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United States Department of Agriculture

Agricultural Research Service

Title: Australian Feedlot Cattle Response to Shade and No-Shade

Authors
item Eigenberg, Roger
item Gaughan, John - UNIV QUEENSLAND
item Bryden, W - UNIV QUEENSLAND
item Nienaber, John

Submitted to: American Society of Agri Engineers Special Meetings and Conferences Papers
Publication Type: Other
Publication Acceptance Date: August 4, 2004
Publication Date: August 9, 2004
Citation: Eigenberg, R.A., Gaughan, J.B., Bryden, W.L., Nienaber, J.A. 2004. Australian feedlot cattle response to shade and no-shade. American Society of Agri Engineers Special Meetings and Conferences Papers. Paper #044036

Interpretive Summary: Summer heat provides stressful conditions feeder cattle; in extreme instances these conditions can be lethal. One management option is to provide shade structures for feedlot animals. This study was conducted during the 2003 Summer season (January- February) at the University of Queensland-Gatton Australia, to determine physiological responses of cattle under shade or no-shade conditions. Six heifers were involved in the study; three pens had access to shade and three had no shade available. Animals were rotated through pen assignments. Heifers that had shade access had average respiration rates considerably lower than heifers without shade during daytime. As ambient temperature increased, respiration rates increased at a rate that was about three times higher for unshaded heifers than shaded heifers during daytime measures. A relationship was developed to estimate respiration rate that includes effects of temperature, humidity, and solar radiation for temperatures above 25 deg/C. Comparison of these data for Australian Black Angus heifers to similar studies with steers in the United States indicated that estimates of stress apply to a broad range of cattle and climates.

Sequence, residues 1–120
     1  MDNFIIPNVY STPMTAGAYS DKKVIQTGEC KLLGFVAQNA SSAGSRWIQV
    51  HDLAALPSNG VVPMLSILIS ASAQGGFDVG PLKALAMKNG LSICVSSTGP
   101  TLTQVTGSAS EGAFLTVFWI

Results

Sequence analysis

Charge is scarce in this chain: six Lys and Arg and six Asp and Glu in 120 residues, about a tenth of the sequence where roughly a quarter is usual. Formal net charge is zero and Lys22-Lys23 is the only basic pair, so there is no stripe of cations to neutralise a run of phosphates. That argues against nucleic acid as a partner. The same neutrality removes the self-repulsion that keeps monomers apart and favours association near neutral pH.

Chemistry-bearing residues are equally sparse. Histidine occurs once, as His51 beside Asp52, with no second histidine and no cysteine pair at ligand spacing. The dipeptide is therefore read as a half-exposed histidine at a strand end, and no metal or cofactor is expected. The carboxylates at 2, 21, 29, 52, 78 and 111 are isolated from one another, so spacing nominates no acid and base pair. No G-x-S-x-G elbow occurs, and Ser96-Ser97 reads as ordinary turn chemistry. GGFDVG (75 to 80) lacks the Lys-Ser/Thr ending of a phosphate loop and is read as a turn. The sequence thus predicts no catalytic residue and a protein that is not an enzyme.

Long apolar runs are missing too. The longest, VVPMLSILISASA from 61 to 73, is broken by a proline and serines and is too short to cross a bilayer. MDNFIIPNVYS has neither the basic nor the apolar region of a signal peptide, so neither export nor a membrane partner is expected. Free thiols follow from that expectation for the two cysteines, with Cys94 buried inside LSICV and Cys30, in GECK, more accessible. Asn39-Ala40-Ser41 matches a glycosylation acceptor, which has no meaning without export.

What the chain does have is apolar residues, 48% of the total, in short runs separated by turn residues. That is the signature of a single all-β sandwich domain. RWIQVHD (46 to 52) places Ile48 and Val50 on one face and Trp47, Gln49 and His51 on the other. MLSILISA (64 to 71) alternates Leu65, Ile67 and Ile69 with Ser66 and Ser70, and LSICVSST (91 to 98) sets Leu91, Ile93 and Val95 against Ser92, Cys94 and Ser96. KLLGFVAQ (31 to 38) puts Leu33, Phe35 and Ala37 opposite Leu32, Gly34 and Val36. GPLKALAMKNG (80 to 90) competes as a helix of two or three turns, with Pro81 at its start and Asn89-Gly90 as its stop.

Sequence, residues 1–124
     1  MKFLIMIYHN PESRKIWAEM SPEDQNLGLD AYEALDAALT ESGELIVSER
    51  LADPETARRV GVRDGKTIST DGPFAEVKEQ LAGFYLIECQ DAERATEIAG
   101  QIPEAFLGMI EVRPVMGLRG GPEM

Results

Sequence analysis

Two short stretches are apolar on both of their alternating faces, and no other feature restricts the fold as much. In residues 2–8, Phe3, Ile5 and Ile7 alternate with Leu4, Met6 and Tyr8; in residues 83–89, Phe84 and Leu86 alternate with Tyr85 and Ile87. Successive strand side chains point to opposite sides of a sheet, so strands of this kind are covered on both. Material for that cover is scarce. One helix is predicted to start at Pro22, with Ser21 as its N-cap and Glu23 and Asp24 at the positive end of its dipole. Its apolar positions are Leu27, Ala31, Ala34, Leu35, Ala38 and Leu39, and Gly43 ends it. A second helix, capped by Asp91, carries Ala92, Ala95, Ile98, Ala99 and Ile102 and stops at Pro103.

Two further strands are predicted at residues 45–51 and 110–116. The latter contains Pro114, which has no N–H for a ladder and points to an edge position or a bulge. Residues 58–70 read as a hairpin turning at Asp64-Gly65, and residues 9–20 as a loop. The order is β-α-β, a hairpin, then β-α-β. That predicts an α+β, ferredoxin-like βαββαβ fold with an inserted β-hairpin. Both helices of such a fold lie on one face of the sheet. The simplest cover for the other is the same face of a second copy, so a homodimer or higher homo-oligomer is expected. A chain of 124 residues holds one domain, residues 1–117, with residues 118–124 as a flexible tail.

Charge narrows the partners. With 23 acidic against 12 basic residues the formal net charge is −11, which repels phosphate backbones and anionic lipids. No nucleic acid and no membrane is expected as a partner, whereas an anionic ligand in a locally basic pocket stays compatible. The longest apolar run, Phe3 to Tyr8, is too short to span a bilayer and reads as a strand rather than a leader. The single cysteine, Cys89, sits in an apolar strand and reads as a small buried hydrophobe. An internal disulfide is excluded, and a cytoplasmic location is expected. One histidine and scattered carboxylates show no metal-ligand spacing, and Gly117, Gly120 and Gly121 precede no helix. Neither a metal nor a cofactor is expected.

Technical Abstract: Summer heat provides stressful conditions for Bos taurus feeder cattle; in extreme instances these conditions can be lethal. One management option is to provide shade structures for feedlot animals. This study was conducted during the 2003 Summer season (January- February) at the University of Queensland-Gatton, Australia to determine physiological responses of cattle under shade or no-shade conditions. Six heifers were assigned individual pens. Three pens allowed access to shade structures (SA); the remainder had no shade access option (NS). Animals were rotated through pen assignments. The NS heifers in this study had average respiration rates 20 breaths per minute (bpm) higher than SA heifers during daytime. As ambient temperature increased, resultant respiration rate (RR) increased at a rate that was about three times higher for NS heifers than SA heifers during daytime measures. A threshold was observed to occur at an ambient temperature of about 25 deg/C based on treatment effects on RR. A linear regression equation was developed to estimate RR that includes effects of temperature, humidity, and solar radiation for temperatures above 25 deg/C. Comparison of these data for Australian Black Angus heifers to similar studies with steers in the United States indicated that estimates of stress apply to a broad range of cattle and climates.

Last Modified: 7/27/2014
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